Don’t you love it when your plans come together?
After twelve months of house hunting, my husband and I signed the papers on our perfect home. It was a delightful Edwardian house in a desirable London neighborhood, famous for having a residence of one of Britain’s former leaders, Maggie Thatcher, and for its private schools.
Having worked hard to climb the career ladder of the BBC, I saw the opportunity to take a break and start a family. With a baby on the way and the keys to our new home in hand, we were ready to settle into the community for the next ten years.
The Scottish poet Robert Burns wrote in To a Mouse: “The best laid plans of mice and men often go awry.”
Ten months later I stood at the airport with my six-week-old daughter nestled in one arm, while I held onto an airport cart with the other. I watched my husband pile bulging suitcases and duct-taped cardboard boxes from the car onto the cart. A travel cot sat precariously on top. These were our worldly possessions for the next three months.
A sold sign hung outside our little terraced home with its blue Wisteria growing around the front door. Furniture and our other belongings had been professionally packed and were sitting in a shipping container waiting to make their journey across the Atlantic. A United States work visa had been stamped in my husband’s passport. Now, we clutched one-way airplane tickets to Boston—a city I had never visited, in a New England that I couldn’t believe would have anything in common with England besides its name.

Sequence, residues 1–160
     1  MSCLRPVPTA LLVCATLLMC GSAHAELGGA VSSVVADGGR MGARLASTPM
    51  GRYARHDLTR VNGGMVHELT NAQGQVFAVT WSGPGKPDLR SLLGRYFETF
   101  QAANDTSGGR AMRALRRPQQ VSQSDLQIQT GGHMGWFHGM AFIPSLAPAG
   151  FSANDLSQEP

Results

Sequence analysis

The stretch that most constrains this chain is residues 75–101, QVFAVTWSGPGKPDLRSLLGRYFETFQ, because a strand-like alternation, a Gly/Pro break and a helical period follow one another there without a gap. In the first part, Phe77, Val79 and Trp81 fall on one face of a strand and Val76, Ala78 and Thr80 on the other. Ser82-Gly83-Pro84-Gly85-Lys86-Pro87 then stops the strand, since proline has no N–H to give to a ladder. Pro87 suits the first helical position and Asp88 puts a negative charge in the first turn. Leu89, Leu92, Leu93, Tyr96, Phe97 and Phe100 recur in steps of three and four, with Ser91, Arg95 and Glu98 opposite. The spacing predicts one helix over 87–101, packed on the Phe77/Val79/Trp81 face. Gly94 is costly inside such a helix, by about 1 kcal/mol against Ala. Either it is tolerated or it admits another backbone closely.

Whereas other new moms were settling into newly decorated nurseries, I was setting up a travel cot in hotel room after hotel room. When other proud parents were enjoying their new baby receiving the admiration of family and friends, I could only hang on to the passing comments of strangers. Where other first-time moms could spend time getting to know their nursing babies, I was learning that nappies were called diapers, that prams were strollers, and that I couldn’t find a decent cup of tea anywhere.
In the midst of my turmoil and misery, I called out to God. I hadn’t talked to him for years. I sat on the floor in the bedroom of our rented apartment, my daughter napping in her travel cot, tears streaming down my face. I spoke only two anguished words: help me. At that moment, I knew God heard my cry, for I felt an instant, overwhelming sense of peace.
In the years that have passed since that moment I have learned God loves me enough to thwart my plans in favor of his own.
Even though I had to leave my homeland behind, I gained a relationship with my heavenly Father securing me a home with him now and for the future.
We make plans with good intentions, but God has plans with the best intentions.
“For I know the plans I have for you,” declares the Lord, “plans to prosper you and not to harm you, plans to give you hope and a future.
What good plans does God have for you that are nothing like your own?